In my next post, we will begin defining our domain objects.

To be continued in part 2.

# .NET collections and search times

I came across a question on stackoverflow.com on which is the fastest collection for finding if a string of equal value is contained in the collection.  It was correctly answered that a Hashset in .NET 3.5 and a Dictionary in .NET 2.0 would be the fastest collections for finding an exact string match, since they both run in O(1) time.

I was still interested in what the relative difference in times would be.  So I wrote a console application that created a list of 100K unique strings in 5 common collection types and than searched each of the collections for the 100K strings, recording the time for each collection to find them all.  Here are the results …

 Trial 1: Trial 2: Trial 3: NameValueCollection 82.1ms 78.9ms 79.7 ms HashSet 23.8ms 24.9ms 24.3 ms Dictionary 25.7ms 26.2ms 29.0 ms List 1:03.985 min 1:20.637 min 1:04.39 min Sorted List w/ BinarySearch 199.9ms 210.0 ms 214.0 ms

As predicted the HashSet and Dictionary were the fastest, but is that the whole story?  What if we wanted to perform a case insensitive search, would the results be the same?  What is the performance impact of populating these collections?  How much memory do they use?

Much of the quicker lookup times of the key value based collections comes at the price of increased overhead in populating the collections as well larger memory footprint.

# Prettify a list of integers in C#

In a recent project using .NET 3.5 and C# I needed to print out a long list of integers for the UI.  This is of course quite trivial, but I also wanted to make it easy to read by replacing all consecutive numbers with a hyphen.  For example a list of integers like this 1,2,3,4,5,7,8,10,11, should print out as 1-5, 7-8, 10-11.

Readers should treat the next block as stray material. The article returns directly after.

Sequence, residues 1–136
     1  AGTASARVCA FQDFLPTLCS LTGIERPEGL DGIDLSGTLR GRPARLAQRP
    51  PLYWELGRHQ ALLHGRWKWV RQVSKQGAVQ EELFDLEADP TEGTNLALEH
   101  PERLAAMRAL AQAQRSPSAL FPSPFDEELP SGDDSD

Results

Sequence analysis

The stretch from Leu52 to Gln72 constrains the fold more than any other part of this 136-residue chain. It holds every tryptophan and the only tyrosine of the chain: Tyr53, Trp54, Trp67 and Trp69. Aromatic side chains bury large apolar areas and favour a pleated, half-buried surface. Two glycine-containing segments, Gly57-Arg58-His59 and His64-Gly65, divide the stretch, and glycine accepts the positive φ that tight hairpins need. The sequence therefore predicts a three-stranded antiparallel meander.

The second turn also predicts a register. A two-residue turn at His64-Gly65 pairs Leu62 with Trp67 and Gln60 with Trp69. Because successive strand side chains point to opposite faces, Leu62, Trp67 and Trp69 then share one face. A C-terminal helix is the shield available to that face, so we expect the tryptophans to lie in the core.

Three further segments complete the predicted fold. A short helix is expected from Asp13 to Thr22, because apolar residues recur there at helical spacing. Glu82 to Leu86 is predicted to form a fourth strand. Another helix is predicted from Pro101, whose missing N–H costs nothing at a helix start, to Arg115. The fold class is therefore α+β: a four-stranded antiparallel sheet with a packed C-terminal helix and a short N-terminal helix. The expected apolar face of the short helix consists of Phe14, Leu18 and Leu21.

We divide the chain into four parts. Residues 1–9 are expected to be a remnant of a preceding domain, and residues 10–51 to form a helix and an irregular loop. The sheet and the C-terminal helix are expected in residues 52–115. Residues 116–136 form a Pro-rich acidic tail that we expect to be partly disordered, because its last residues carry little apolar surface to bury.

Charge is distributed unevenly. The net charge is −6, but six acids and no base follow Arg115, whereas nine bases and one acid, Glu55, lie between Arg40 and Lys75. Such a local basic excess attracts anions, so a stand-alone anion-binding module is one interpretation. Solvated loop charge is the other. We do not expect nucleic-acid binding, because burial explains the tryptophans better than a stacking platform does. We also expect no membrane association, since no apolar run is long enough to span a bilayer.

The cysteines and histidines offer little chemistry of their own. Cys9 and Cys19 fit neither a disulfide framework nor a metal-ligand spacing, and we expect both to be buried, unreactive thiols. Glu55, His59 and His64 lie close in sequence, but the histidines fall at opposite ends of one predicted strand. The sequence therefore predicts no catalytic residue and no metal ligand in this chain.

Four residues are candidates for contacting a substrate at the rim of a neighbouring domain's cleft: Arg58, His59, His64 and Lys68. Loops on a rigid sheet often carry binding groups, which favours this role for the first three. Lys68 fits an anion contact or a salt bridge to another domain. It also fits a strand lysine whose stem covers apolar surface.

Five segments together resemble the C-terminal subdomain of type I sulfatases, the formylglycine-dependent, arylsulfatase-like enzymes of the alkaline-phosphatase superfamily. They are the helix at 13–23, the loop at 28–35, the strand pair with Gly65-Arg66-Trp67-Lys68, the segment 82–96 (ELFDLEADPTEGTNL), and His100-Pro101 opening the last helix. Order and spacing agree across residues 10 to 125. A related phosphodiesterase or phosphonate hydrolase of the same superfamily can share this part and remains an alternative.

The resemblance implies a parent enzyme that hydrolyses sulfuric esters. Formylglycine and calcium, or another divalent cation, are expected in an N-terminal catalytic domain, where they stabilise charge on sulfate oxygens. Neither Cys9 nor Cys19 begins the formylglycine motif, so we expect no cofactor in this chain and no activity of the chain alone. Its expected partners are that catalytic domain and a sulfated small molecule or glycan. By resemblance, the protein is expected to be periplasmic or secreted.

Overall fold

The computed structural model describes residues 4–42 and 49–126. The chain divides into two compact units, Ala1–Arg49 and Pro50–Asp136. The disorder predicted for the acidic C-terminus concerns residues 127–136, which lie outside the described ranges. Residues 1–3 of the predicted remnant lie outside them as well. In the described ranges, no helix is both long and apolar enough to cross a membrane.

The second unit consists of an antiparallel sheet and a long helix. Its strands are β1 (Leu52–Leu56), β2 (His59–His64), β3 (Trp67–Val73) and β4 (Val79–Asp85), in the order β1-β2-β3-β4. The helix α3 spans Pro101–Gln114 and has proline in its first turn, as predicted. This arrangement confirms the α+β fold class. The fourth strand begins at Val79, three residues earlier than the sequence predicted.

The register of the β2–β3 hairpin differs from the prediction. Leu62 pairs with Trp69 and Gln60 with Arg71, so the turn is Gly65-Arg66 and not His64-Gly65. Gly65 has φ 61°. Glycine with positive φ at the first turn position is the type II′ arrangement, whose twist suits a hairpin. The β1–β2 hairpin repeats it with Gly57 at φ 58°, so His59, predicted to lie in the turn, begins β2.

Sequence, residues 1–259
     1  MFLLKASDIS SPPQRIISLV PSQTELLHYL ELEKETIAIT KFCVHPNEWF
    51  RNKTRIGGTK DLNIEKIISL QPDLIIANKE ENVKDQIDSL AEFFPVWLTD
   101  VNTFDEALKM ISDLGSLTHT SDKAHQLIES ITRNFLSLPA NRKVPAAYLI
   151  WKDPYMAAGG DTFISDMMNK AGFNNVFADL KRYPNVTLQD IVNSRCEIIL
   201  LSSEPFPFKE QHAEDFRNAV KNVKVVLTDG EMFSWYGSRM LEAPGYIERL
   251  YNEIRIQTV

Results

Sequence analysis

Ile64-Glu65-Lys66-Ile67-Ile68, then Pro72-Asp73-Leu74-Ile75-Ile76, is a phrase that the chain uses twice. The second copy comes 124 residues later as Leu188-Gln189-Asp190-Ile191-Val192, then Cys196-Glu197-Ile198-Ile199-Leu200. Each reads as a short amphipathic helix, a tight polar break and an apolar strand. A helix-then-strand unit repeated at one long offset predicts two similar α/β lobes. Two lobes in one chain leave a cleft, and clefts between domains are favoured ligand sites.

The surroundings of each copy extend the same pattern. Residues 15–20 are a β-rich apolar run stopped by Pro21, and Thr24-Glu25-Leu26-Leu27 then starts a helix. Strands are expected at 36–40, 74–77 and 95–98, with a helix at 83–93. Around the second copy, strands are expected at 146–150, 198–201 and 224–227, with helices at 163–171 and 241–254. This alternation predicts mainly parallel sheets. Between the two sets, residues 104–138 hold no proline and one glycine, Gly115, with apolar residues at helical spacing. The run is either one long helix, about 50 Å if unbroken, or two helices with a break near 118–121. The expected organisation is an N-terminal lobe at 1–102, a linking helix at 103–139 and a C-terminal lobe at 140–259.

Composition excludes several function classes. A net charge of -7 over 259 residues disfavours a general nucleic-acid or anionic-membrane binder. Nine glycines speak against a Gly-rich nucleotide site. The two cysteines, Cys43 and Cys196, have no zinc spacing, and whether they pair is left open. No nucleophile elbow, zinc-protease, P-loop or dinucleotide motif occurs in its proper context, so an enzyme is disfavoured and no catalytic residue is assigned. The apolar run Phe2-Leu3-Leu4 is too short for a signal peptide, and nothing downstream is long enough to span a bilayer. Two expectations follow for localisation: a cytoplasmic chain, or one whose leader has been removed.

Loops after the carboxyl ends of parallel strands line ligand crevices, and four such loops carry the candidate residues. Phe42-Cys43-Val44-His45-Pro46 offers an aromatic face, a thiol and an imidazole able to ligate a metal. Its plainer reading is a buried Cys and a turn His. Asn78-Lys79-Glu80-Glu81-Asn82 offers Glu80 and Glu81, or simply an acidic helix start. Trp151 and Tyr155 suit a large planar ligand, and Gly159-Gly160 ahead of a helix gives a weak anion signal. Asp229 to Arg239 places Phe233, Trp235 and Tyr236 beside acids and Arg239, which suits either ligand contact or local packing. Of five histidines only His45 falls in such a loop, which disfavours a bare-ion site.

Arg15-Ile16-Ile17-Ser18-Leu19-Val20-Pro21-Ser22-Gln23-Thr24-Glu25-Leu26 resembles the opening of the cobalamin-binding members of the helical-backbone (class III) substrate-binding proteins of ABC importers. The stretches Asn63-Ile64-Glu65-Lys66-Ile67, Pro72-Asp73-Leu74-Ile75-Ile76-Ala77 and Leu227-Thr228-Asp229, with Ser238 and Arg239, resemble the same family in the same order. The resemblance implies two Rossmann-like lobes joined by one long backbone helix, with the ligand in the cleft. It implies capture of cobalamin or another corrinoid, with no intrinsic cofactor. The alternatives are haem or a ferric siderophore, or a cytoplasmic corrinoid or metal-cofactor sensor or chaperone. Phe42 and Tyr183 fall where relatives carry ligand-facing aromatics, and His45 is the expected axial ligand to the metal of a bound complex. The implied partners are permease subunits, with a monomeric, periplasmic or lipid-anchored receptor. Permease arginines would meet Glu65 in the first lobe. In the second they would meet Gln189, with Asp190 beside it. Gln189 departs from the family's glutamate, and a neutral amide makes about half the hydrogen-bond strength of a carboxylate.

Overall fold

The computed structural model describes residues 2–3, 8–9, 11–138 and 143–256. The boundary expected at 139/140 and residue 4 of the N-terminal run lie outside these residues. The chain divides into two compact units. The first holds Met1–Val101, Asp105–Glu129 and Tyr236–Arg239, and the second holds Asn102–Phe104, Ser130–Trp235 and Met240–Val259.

I wrote the following extension method on the the IEnumerable<int> interface to accomplish this.  You can download it.

Update: Modified algorithm to run in O(n) instead of O(n2) time.

using System.Collections.Generic;using System.Linq;using System.Text;public static class EnumerableIntExtensions

{

public static string GetOrderedSetValues(this IEnumerable<int> list)

{

var orderedSet = list.OrderBy(x => x).Distinct().ToList();

var returnValue = new StringBuilder(orderedSet.Count * 2);

for (int currentIndex = 0; currentIndex < orderedSet.Count; currentIndex++)

{

if(IsEndOfList(orderedSet, currentIndex))

{

returnValue.Append(orderedSet[currentIndex]);

}

else if (IsBeginningOfGroup(orderedSet, currentIndex))

{

returnValue.Append(orderedSet[currentIndex]);

if (IsEndOfGroup(orderedSet, currentIndex))

{

returnValue.Append(“, “);

}

else

{

returnValue.Append(“-“);

}

}

else

{

if (IsEndOfGroup(orderedSet, currentIndex))

{

returnValue.Append(orderedSet[currentIndex]);

returnValue.Append(“, “);

}

else

{

//do nothing, ie. middle of grouping

}

}

}

return returnValue.ToString();

}

private static bool IsBeginningOfGroup(IList<int> list, int index)

{